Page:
Shodo Harada Roshi: Zen Master and Calligrapher
Calligraphy has a long and rich history within Japan as an esteemed art form and a Zen teaching device. It is well suited to Zen with its emphasis on immediate spontaneous expression. Phrases on the scrolls most often represent familiar sayings or poems from Zen wisdom or Japanese literature. The scrolls are traditionally hung in temples, tea rooms, and individuals’ homes.
Shodo Harada Roshi is internationally recognized both as a Zen teacher and as a world-class master of the fine art of Zen calligraphy. A revered Zen Master in the Rinzai tradition, for the past twenty-five years Shodo Harada has served as the Abbot of Sogenji, a seventeenth-century Rinzai Zen monastery in Okayama, Japan. He is also the Abbot of Tahoma-san Sogenji monastery on Whidbey Island, in the state of Washington. From the beginning of his tenure at Sogenji, Harada Roshi has welcomed Westerners to study with him. His clarity and skill as a Zen Master have drawn international requests to offer training, and inspired his students to establish sanghas (spiritual communities) all over the world. In addition, accomplished Zen teachers from across the globe come to further plumb the depths of Zen through study with Shodo Harada, earning him a reputation as “the roshi’s roshi” – which is to say, the master’s master.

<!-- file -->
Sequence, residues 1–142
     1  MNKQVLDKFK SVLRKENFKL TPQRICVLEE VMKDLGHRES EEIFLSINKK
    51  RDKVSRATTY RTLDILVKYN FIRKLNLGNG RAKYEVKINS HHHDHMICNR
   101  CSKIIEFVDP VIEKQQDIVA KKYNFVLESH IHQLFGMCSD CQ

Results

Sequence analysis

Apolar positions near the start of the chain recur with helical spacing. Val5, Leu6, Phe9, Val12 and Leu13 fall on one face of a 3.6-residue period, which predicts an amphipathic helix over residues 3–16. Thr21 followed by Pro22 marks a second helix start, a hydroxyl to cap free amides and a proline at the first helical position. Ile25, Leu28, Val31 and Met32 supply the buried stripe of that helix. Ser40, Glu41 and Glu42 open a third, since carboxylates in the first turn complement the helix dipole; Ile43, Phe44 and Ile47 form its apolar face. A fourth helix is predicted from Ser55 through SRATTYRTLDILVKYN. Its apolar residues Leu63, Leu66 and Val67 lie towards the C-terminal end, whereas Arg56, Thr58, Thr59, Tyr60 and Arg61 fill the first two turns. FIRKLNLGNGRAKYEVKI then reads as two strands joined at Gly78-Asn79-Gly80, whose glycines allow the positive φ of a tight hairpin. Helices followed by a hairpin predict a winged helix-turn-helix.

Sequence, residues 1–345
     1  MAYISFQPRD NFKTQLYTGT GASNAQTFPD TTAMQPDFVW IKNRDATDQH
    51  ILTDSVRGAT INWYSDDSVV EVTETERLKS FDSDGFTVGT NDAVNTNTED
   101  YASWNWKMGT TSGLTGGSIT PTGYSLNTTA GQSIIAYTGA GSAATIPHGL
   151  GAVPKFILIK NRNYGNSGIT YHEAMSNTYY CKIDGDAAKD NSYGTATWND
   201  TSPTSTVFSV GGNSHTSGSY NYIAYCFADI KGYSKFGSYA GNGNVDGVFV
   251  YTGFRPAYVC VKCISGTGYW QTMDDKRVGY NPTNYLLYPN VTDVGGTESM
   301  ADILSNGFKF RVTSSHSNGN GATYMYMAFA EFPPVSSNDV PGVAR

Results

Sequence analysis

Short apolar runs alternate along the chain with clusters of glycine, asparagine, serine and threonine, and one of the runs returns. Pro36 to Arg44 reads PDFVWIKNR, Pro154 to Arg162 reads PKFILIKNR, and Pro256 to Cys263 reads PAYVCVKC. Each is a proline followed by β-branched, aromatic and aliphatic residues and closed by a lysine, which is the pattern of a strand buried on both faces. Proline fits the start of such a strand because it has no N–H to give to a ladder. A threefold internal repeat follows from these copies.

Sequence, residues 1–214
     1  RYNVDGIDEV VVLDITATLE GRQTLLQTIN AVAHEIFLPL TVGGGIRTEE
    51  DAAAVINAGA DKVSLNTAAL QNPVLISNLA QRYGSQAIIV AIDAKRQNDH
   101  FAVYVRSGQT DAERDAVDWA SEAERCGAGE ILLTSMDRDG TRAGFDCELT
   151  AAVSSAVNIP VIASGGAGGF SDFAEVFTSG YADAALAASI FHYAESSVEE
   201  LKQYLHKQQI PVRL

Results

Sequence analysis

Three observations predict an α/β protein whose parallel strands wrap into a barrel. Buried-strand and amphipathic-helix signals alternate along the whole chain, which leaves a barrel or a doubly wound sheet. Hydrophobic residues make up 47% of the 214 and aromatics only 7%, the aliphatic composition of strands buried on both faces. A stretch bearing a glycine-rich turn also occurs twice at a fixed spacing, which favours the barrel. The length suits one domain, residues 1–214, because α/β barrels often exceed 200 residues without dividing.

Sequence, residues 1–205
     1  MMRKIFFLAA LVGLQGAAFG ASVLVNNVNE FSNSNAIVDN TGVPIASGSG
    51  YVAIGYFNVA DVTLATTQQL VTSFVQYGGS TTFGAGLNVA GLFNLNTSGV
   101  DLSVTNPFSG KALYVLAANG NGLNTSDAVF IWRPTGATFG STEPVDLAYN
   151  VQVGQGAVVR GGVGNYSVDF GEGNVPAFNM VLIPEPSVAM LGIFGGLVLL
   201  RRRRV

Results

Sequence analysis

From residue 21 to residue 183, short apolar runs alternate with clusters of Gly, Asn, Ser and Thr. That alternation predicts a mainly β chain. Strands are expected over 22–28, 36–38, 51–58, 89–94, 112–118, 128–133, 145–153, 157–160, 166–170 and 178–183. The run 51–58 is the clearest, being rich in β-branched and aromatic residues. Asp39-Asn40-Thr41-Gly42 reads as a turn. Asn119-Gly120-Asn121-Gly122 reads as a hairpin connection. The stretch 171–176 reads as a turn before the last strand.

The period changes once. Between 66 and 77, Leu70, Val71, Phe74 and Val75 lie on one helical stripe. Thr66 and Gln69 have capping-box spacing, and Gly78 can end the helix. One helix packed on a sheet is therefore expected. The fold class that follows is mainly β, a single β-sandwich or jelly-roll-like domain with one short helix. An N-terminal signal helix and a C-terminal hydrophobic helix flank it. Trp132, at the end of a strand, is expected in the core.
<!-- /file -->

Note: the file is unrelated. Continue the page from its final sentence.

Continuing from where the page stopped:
The East Asian Art Council of the Los Angeles County Museum of Art is offering a rare opportunity for the general public to learn about calligraphy and observe the skills of a master Zen calligrapher. The presentation will begin with a brief overview of the history of calligraphy, its symbolism, and Harada Roshi’s own personal journey as a monk and calligrapher, and will be followed by a calligraphy demonstration by the Zen master. Books on Zen and calligraphy will be available for purchase as will the works that Harada Roshi creates over the course of the event.
LACMA West | Free; tickets required | Tickets: 323 857-6010 or reserve online.
Image: Calligraphy demonstration by Harada Roshi, October 2011, Morikami Museum, Delray Beach, Florida. Photo by Alan Gensho Florence.